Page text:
- According to Ned Davis Research, investors should start taking more risk and buying consumer durables.
- The research firm said several indicators indicate that the current stock market rally will continue.
- “We will probably take another step towards growth [stocks] on additional model confirmation,” NDR said.
In the first half of 2022, the pain of growth stocks was the gain of value stocks, but now that trend is set to reverse as the stock market continues its rally from its June 17 low.
That’s according to Ned Davis Research, who said in a note Thursday that investors should take on more risk as “several indicators suggest the rally could have room to run.”
Those indicators include buy signals in NDR’s internal Big Mo Tape and another round of broadside bumps, which follow momentum and occur when a high percentage of stocks rise together.
A series of strong technical broadside bumps suggest momentum is building across sectors, increasing the likelihood of the stock market continuing to rise.
“The sector model … now favors growth sectors over value sectors for the first time this year … we will probably take another step towards growth [stocks] on additional model confirmation,” NDR said.
To express its view that now is the time to take more risk, NDR has moved the more volatile consumer discretionary sector to overweight at the expense of more defensive sectors such as utilities, healthcare and materials.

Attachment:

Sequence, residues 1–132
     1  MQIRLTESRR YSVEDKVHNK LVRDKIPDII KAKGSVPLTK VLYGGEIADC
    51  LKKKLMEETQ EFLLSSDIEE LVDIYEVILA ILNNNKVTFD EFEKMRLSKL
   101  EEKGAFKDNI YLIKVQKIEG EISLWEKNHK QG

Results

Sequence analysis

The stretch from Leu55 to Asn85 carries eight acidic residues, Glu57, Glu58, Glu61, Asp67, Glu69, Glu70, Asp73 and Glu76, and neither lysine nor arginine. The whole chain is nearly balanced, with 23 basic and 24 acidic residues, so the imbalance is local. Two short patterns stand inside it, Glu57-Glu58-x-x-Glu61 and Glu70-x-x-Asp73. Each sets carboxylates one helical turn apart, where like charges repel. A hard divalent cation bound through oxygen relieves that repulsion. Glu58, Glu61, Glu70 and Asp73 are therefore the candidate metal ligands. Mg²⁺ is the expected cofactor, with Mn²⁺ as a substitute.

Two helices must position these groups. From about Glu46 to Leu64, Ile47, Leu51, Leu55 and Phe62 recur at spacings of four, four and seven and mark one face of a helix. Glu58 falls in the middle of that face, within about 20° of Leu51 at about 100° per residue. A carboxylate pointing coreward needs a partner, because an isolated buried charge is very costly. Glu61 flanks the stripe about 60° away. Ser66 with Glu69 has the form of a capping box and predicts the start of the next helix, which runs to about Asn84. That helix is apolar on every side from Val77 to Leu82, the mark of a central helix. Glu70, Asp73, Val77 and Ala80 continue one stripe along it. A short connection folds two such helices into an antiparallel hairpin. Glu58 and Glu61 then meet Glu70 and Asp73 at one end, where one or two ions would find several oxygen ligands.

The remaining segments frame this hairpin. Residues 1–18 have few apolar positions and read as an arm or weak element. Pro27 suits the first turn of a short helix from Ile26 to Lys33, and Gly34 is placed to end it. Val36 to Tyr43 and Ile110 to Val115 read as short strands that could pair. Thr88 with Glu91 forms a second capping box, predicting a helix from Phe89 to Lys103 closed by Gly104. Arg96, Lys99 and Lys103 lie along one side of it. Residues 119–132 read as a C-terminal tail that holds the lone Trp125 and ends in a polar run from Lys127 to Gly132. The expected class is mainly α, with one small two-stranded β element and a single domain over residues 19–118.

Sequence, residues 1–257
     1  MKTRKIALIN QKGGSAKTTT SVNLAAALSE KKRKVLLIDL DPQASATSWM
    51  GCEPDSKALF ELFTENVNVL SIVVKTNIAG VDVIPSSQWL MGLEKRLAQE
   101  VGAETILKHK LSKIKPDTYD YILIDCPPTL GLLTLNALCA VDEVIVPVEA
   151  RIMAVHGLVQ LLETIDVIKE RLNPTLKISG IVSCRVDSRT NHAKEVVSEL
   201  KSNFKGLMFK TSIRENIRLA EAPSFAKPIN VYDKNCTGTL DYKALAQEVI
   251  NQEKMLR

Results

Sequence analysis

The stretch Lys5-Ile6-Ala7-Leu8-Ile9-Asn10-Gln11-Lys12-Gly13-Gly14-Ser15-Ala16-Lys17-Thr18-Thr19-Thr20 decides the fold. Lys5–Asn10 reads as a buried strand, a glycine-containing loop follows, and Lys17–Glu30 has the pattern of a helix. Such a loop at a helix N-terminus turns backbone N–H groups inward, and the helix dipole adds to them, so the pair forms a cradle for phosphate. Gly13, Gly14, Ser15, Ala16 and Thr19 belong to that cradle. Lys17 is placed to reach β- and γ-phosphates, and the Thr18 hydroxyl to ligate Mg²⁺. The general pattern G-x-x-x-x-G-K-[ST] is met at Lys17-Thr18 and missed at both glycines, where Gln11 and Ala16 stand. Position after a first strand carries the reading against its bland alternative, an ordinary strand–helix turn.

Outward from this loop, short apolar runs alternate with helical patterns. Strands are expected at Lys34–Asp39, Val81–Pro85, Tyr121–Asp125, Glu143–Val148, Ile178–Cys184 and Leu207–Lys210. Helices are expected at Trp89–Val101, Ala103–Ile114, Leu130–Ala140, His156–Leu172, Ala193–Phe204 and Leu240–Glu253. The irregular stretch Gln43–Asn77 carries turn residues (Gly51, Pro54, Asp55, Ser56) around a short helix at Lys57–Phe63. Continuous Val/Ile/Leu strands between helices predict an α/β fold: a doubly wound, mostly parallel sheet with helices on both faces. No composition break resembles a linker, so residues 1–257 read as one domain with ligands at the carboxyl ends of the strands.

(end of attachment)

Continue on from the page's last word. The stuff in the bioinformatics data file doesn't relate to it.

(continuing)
The two largest positions in the consumer discretionary sector are Amazon and Tesla, and their recent outperformance suggests the sector is poised to continue higher, the note said.
“Both [Amazon and Tesla] are now approaching relative golden cross signals that have historically been consistent with strong consumer cyclical outperformance.
Ultimately, NDR admits that the continuation of the stock market rally will depend on the Federal Reserve’s ability to orchestrate a soft landing in the economy. But there are more signs today than a few weeks ago that it remains a possibility.
Inflation cools as oil prices fall, as shown by the July CPI report and recent data on import/export prices. Meanwhile, despite higher mortgage rates, the housing market is showing signs of a soft landing. Taken together, this could give the Fed more flexibility in slowing down its rate hike trajectory.
But if inflation doesn’t fall, all bets are off.
“If inflation fails to fall meaningfully and the Fed has to remain aggressive throughout the year, the risk of a Fed-induced recession will increase… [and] defensive leadership was expected to return,” concluded NDR.